The Dissident (2020)

Written by:
Paula Farmer
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There are talented investigative journalists. There are outspoken activists, and there are those rare, self-sacrificing dissidents. Sometimes, there are those who are all three. Washington Post reporter Jamal Khashoggi was one such person. Khashoggi went from maintaining a closely guarded status as journalist covering the volatile politics of his homeland of Saudi Arabia, to crossing that line and embracing activism against the corrupt regime. “The Dissident” explores the self-exiled Khashoggi’s transition and the ultimate price he paid for it- murdered in the Saudi consulate in Istanbul.  The film, directed by Bryan Fogel (“Icarus”) is a real-life thriller of this horrific 2018 crime believed to have been ordered by the Crowned Prince, Mohammed Bin Salman (MBS). Fogel sets up a mystery, allowing it to craftily and believably unfold over its nearly two hour run.

Taking advantage of incredible access, including never before seen surveillance footage from inside the consulate, numerous interviews with Khashoggi’s fiancé, Hatice Cengiz, Turkish investigators and United Nations officials, Fogel puts forth a plethora of damning information, and does so in a compelling way. Although at one point in his career, Khashoggi actually was an Saudi monarch insider and had been hopeful that MBS would implement progressive reforms he claimed to ascribe to, Khashoggi’s hope gave way to disillusionment and anger. It was then, he became an outspoken advocate for necessary reform. His weapon was his voice and his pen. He was a respected journalist; a man of principles who wanted to be a part of creating a more open society in his homeland.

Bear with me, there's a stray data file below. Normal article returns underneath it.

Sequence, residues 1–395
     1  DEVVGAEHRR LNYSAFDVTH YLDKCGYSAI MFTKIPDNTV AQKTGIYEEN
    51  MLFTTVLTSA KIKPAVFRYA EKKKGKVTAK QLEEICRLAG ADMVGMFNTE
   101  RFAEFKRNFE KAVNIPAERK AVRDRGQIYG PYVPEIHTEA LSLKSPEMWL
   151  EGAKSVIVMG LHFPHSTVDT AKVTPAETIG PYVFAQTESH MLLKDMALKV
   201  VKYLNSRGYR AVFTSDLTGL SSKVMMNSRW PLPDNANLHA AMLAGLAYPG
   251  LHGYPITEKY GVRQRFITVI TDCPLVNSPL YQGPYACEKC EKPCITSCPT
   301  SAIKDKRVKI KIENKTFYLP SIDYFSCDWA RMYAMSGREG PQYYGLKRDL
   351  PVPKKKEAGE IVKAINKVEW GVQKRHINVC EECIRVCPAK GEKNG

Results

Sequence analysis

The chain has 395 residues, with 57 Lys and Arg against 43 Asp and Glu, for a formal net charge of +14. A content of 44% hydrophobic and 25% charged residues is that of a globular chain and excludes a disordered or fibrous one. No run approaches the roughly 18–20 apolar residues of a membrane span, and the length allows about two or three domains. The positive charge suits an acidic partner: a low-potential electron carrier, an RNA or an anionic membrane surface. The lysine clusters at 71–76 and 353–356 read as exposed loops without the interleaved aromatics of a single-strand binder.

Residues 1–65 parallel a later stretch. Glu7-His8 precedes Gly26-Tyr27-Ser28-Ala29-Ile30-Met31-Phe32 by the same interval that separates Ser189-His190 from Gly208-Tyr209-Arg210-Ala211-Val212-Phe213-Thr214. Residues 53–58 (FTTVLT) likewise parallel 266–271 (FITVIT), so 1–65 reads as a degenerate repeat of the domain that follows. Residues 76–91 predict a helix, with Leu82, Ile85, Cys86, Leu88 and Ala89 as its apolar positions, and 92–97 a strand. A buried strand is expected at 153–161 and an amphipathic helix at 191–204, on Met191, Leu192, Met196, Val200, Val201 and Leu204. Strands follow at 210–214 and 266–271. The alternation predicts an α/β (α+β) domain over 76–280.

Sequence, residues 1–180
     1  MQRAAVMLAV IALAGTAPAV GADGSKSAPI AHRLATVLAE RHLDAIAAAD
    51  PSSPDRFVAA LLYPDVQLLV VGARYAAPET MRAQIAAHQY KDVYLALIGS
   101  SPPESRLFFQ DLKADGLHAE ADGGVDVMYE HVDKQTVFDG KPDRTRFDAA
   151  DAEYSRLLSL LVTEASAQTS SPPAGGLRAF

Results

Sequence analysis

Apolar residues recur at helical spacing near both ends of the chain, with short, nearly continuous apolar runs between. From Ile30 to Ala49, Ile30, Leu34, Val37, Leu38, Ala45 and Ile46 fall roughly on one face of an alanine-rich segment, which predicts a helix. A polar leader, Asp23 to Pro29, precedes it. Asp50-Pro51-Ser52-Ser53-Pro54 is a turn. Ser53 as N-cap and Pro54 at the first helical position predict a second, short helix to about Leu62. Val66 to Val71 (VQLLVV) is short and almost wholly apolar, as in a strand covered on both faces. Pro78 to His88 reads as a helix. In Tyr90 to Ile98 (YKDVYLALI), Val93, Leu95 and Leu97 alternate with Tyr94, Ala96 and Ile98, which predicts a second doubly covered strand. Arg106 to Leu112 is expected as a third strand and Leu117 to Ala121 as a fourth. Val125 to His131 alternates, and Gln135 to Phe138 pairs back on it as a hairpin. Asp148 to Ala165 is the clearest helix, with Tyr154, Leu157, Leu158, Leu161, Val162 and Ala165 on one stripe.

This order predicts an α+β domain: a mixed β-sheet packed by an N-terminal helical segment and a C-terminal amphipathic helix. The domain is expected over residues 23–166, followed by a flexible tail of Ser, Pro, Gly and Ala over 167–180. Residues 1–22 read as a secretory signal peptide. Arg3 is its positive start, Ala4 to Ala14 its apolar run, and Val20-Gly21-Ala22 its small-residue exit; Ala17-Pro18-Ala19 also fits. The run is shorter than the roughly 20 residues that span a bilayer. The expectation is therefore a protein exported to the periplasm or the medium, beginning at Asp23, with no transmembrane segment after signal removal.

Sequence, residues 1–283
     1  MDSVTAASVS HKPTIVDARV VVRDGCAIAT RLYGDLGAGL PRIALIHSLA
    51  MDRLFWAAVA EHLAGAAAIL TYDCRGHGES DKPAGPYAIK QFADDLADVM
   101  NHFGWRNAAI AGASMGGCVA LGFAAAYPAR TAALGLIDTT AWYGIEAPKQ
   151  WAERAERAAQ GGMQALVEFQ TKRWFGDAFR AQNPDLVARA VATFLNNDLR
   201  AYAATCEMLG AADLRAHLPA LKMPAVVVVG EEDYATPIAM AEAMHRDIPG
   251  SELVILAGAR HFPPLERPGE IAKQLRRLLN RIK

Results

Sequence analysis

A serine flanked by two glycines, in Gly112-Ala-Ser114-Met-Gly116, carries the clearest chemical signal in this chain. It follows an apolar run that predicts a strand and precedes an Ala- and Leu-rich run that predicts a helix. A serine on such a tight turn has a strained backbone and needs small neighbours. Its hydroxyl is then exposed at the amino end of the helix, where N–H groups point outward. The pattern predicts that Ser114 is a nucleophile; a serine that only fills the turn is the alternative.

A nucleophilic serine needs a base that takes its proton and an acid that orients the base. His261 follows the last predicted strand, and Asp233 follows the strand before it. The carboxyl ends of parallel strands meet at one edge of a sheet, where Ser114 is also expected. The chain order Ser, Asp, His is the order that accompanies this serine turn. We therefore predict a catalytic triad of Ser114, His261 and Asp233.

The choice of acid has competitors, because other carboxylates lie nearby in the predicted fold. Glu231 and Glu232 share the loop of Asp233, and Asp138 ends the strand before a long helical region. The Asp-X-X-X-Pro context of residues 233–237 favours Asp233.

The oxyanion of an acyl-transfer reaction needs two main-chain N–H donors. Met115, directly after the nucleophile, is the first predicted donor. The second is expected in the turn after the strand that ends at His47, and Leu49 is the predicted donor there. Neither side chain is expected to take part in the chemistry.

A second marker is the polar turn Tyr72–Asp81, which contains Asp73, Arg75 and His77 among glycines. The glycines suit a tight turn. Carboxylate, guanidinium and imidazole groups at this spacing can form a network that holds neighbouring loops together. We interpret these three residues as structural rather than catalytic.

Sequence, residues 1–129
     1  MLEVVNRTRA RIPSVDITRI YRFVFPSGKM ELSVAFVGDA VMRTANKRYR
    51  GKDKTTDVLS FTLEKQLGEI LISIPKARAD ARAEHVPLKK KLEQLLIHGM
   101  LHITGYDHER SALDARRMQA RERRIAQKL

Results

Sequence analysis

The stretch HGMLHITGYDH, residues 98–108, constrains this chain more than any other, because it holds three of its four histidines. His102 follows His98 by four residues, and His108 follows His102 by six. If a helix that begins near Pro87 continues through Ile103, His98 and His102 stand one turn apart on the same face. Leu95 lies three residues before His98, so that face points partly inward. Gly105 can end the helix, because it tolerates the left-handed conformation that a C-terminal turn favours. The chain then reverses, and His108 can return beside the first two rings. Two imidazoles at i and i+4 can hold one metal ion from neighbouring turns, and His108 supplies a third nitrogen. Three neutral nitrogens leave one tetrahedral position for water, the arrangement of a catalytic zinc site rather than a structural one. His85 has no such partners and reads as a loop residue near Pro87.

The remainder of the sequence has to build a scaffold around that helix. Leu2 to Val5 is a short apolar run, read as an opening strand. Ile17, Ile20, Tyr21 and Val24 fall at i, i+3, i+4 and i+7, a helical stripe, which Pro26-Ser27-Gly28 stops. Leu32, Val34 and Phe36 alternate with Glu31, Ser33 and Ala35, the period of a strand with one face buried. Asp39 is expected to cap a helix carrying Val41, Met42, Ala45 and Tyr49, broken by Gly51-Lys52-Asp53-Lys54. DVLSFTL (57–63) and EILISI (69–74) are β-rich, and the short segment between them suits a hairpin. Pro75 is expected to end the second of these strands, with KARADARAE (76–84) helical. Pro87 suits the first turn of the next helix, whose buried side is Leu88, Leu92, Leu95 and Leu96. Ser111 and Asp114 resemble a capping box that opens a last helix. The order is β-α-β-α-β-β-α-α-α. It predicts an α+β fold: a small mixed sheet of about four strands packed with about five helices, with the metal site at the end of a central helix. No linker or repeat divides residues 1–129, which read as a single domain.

The film uses interviews with key characters such as Khashoggi’s friends and colleagues, combined with interviews of officials linked to the investigation, graphics and crime scene transcripts. The friends and colleagues provide insight into Khashoggi’s personality, personal life, dedication and strong sense of professionalism. In 2018 when his murder could have faded quickly in the era of an already over indulgent news cycle, these people kept the story going and the injustice front and center. Fogel appropriately puts particular focus on two of Khashoggi’s closest allies: his fiancé Cengiz and Omar Abdulaziz, a young Saudi activist with whom Khashoggi was secretly collaborating. The two truly drive the plot along while never allowing the audience to forget the humanity at the center of it. In the case of Abdulaziz, he opens up an equally intriguing sub-plot of social media propaganda, government hacking and the importance of counter intelligence and privacy protection.

If you liked “Icarus,” you will want to watch “The Dissident.” If you did not see “Icarus,” you will want to after being enthralled by “The Dissident.” With the two films, Fogel is proving to be a uniquely talented investigative documentarian, deftly combining his filmmaking skills with his personal sense of social activism. Per the film’s final messaging, “Learn more. Take action. Make a difference.” “The Dissident” – in theaters Dec. 25; On Demand Jan. 8.

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